For decades, crimes on cruise ships that were not serious enough for federal authorities to investigate and prosecute often fell between the cracks of jurisdictional divides.

But that could be about to change for ships using Port Canaveral in Brevard County.

Prompted by concerns from Port Canaveral Police Chief Joseph Hellebrand, new Brevard State Attorney Phil Archer said Tuesday he is willing to exercise the State of Florida’s jurisdiction to crimes that occur on ships when they are in waters beyond Florida’s three-mile limit.

The decision was announced as Local 6 has been revealing dozens of crimes on cruise ships not being prosecuted – including one child molestation that Disney Cruise Line did not report to local authorities until 16 hours after it occurred in port on the Disney Dream on Aug. 5.

Disney Cruise Line, or DCL, failed to report the crime until Aug. 6 even though it began investigating the “inappropriate sexual act” 1 hour and 40 minutes prior to leaving port the previous day. In that time, a security officer obtained a statement from the 11-year-old victim, corroborated her account by viewing surveillance video and identified a suspect, according to a confidential security incident report obtained by Local 6.

Yet, DCL did not immediately report the crime, as it claims it is required to do.
The video, also obtained and aired by Local 6 on Monday, “sickened me,” said state attorney Archer. “That man should have been walked off in handcuffs and been sitting in … jail in Brevard County.”

Instead, the 33-year-old dining room server was questioned by Bahamian police on Aug. 7, admitted touching the girl’s breast, and was then sent home on a Disney-paid flight to India after the victim’s grandmother decided she did not want to prosecute. The Bahamas could take jurisdiction because the Dream is flagged in the Bahamas.

But Archer said the decision to prosecute that serious a crime in Florida rests with a prosecutor, not a grandmother.

“We have to look out for the larger interests that are at stake. Are we going to allow someone like that to do that to another family?” Archer asked.

Based on what he saw on Local 6, Archer said at least two crimes may have occurred in his jurisdiction: false imprisonment, as the suspect cornered the child in the elevator, which he prevented from moving by blocking the door as he appeared to molest her; and lewd or lascivious molestation on a child under 12, a felony that could have produced a life sentence.

“This is a serious case. This is a case that should have been brought to us at some point,” Archer said.

Disney Cruise Line said it “took proper action.”

Port Canaveral’s chief said his department should have been notified immediately on Aug. 5, but was not contacted until Aug. 6 and then, by the time their detective went to the ship to investigate when it returned Aug. 10, the suspect was gone.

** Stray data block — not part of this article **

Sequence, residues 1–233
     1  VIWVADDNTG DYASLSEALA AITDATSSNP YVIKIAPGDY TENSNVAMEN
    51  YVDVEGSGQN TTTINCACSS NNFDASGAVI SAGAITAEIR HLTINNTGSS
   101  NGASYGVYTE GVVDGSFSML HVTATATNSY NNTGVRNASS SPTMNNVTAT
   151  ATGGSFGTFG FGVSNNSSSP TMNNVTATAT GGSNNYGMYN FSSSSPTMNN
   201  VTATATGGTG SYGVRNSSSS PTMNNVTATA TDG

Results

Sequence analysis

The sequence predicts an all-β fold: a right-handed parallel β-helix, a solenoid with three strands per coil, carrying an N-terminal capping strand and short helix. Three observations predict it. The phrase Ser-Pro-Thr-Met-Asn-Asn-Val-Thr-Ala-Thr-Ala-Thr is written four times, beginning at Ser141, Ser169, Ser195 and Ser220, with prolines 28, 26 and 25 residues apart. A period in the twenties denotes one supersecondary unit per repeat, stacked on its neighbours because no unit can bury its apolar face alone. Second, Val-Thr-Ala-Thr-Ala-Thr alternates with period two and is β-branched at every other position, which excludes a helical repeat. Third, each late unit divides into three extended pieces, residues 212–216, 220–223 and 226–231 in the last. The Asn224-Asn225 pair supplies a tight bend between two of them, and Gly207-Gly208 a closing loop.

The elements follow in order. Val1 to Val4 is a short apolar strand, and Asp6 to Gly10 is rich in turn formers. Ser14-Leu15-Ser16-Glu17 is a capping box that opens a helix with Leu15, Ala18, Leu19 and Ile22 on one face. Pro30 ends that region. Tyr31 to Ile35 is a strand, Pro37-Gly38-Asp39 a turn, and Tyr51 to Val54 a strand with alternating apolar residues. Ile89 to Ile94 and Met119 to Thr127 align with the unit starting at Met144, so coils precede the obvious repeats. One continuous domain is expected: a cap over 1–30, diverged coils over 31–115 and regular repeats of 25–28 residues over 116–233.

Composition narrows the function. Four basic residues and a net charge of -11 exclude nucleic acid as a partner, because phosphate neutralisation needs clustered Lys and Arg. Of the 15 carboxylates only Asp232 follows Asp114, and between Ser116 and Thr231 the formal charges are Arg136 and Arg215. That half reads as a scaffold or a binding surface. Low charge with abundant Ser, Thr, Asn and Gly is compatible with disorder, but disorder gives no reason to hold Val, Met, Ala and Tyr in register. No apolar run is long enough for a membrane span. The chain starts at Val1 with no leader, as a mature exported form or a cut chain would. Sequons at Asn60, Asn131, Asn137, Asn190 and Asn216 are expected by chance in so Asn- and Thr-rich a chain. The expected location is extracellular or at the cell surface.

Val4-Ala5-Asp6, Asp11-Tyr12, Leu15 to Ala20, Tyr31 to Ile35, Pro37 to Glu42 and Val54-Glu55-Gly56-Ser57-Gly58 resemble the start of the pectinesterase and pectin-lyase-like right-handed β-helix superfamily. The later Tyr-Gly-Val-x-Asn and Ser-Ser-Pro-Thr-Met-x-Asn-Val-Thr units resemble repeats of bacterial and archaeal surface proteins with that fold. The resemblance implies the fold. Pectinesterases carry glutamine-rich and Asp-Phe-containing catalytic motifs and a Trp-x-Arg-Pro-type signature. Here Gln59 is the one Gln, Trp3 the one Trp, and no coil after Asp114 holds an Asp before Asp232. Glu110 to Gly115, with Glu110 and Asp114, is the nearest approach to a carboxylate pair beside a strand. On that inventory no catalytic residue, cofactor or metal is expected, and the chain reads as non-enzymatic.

“We would want to investigate that crime because it occurred here, regardless of whether somebody else took over that investigation,” chief Hellebrand said.

Hellebrand could not recall the incident until Local 6 began inquiring about it last week, in part because it was never documented it in an agency police report.

But even when crimes are reported, Hellebrand said overlapping jurisdictional issues can prevent suspects from being fully investigated or prosecuted.

“People aren't being brought to justice and we need to do something about it,” said Hellebrand, explaining why he raised the issue with Archer, who heads the 18th Judicial Circuit that includes Brevard and Seminole counties.

Archer, relying on a Florida Supreme Court ruling, said he is willing to file charges involving crimes occurring anywhere on the sea, as long as the ships sail from Brevard and federal authorities decline to investigate or prosecute.

“We're just setting those protocols up right now and I think the next case that comes down the pike will be one that we can look at,” said Archer.

Port Canaveral police said their jurisdiction extends to 1,000 feet from port land. The state has jurisdiction out to three miles, an area investigated by the Brevard County Sheriff’s Office alone or in conjunction with port police through a mutual aid agreement.

Once the ship is more than 3 miles from the coast, the FBI typically investigates incidents that involve U.S. citizens.

But the country where a ship is flagged can claim jurisdiction wherever the ship may be, even in a U.S. port.

There are also often overlapping jurisdictional issues in cruise crimes, depending on the nationalities of the parties involved, the location of the ship, the ports its departs from and arrives at, and the country whose flag it sails under.

But, in 2000, the Florida Supreme Court ruled the state can prosecute crimes occurring beyond the state’s three-mile limit, as long as federal authorities decline. In Stepansky v. State, the court ruled Florida’s “special maritime jurisdiction” extends anywhere a crime occurs on a ship, as long as most of the paying passengers boarded and planned to disembark from a Florida port.

Hellebrand said this ruling has hardly ever been put to use, but now he plans to find cases for port police to refer to the state attorney for charges.